Florida will hire a top-level administrator to find ways to curb violence and improve medical care at state mental hospitals.
The new position will oversee Florida's three remaining state-run mental facilities, including the flagship Florida State Hospital with nearly 1,000 patients.
Department of Children and Families officials on Tuesday said the change will put one person in charge of monitoring and improving patient care, and will allow DCF to standardize policies at the hospitals it oversees.
The position is part of what the DCF calls a "comprehensive review" of the hospitals, including how they are staffed and how they will operate in the future.
That review is the latest state action following an investigation by the Tampa Bay Times and Sarasota Herald-Tribune that found escalating violence at the hospitals.
The series — Insane. Invisible In danger. — won the Pulitzer Prize for investigative reporting this year. It revealed how years of deep budget cuts and layoffs led to chaos on the wards, with dangerous patients allowed to roam the hallways without supervision and staffing levels so thin that sometimes a single employee was left alone to watch over a dozen or more patients.
The state expects to pay the person between $165,000 and $195,000. An advertisement for the position says candidates must have at least 15 years in behavioral health management and at least five years in an executive-level position.
Officials at Florida State Hospital, North Florida Evaluation and Treatment Center and Northeast Florida State Hospital will report to the new administrator, who will set guidelines for hiring, staffing and budgeting among the facilities.
The decision to hire a single executive was greeted with enthusiasm from mental health advocates.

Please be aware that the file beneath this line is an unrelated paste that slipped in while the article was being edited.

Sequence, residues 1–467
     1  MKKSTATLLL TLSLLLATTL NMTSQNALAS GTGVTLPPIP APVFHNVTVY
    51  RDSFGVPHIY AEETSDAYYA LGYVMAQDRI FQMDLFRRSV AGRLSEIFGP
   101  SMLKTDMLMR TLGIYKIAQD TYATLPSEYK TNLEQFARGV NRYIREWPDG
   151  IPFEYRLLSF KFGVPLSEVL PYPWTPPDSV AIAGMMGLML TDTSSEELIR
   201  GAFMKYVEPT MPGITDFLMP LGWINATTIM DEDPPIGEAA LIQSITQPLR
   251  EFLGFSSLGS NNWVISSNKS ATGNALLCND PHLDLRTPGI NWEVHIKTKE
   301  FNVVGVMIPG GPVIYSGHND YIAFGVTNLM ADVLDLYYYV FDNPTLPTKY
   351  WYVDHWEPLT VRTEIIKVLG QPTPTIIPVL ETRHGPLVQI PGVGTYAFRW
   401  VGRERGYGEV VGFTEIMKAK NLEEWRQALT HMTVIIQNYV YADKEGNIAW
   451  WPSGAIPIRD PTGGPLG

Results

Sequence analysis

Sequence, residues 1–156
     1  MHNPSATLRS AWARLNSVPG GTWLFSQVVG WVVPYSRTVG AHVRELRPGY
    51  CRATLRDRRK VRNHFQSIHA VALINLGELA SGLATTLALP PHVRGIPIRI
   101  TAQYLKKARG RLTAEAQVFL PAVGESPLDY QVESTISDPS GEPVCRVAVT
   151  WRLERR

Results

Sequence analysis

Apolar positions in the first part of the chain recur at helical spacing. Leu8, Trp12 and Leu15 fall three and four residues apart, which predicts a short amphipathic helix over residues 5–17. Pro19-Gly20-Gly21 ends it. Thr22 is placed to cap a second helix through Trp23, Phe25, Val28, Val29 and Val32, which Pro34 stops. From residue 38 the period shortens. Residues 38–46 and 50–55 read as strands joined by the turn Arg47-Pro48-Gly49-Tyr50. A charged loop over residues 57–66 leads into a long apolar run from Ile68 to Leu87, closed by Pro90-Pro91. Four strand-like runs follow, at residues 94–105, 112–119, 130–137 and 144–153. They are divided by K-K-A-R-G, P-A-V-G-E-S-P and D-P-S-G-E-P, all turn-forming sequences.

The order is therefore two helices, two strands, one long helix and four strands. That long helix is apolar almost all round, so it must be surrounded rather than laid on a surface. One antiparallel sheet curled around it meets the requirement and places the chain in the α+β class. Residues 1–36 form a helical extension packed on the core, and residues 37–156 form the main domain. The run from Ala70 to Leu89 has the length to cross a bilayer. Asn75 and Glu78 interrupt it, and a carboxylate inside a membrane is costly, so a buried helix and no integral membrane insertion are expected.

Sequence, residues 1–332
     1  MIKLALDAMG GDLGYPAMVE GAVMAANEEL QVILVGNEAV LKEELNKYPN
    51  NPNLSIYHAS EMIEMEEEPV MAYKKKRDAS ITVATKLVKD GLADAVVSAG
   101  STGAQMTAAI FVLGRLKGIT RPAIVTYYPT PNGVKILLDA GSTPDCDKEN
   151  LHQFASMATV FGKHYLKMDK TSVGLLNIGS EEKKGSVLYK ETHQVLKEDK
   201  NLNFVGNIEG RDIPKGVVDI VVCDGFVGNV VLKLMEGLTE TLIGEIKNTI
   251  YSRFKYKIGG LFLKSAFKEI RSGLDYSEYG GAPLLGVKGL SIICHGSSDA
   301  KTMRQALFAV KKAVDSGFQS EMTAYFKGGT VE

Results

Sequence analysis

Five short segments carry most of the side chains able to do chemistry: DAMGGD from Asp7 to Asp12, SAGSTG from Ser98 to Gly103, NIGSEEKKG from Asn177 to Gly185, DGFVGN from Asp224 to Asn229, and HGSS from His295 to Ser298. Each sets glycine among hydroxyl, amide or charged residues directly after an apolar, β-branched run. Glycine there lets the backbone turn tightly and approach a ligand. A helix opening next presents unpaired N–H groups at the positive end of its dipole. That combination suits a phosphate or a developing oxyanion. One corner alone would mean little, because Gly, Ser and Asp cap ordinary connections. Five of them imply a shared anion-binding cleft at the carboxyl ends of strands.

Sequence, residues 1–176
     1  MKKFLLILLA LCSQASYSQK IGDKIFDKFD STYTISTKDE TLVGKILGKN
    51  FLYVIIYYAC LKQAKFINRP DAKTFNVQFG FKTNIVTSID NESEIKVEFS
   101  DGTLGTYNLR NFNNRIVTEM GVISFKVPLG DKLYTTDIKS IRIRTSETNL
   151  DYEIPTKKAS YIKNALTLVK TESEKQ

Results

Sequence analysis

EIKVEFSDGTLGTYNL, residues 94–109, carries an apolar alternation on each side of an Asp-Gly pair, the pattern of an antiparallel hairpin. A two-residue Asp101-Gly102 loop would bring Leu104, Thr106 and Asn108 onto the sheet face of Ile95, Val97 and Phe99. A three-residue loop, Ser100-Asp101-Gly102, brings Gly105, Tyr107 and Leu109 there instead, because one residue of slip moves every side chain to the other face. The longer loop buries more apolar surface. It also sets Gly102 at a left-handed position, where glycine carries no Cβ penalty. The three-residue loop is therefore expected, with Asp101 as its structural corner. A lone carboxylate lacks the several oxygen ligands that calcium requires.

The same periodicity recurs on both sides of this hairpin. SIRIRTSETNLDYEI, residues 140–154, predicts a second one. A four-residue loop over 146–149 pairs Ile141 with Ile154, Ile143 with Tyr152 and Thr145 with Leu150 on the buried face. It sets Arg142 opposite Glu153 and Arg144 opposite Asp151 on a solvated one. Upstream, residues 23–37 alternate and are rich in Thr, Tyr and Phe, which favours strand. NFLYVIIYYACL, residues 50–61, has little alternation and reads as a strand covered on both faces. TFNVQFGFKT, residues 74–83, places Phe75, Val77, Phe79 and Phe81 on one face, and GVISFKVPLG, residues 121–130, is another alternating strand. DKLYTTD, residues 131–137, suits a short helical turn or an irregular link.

"Creating a position like this is a very important step in the right direction," said Denise Marzullo, president of the advocacy group Mental Health America of Northeast Florida. "When you look across the system, one problem has been a lack of common policies and procedures for each of the hospitals. This person has the opportunity to streamline those policies so all of the hospitals are operating under the same guidelines."
Sen. Eleanor Sobel, D-Hollywood, who chairs a committee overseeing DCF, praised Secretary Mike Carroll and said the decision to place a single person in charge of the three public institutions is a promising start to fixing the hospitals.
"DCF has an opportunity to improve how patients get services … and this could be one of the ways that happens," Sobel said Tuesday. "This could be a great start."
Other efforts to improve the hospitals are already under way.
The Legislature gave DCF money to hire as many as 160 full- and part-time new workers, many of whom will start in July. Gov. Rick Scott ordered the hospitals to purchase new security cameras and body alarms for workers. Lawmakers added almost $55 million to the budget for new mental health programs.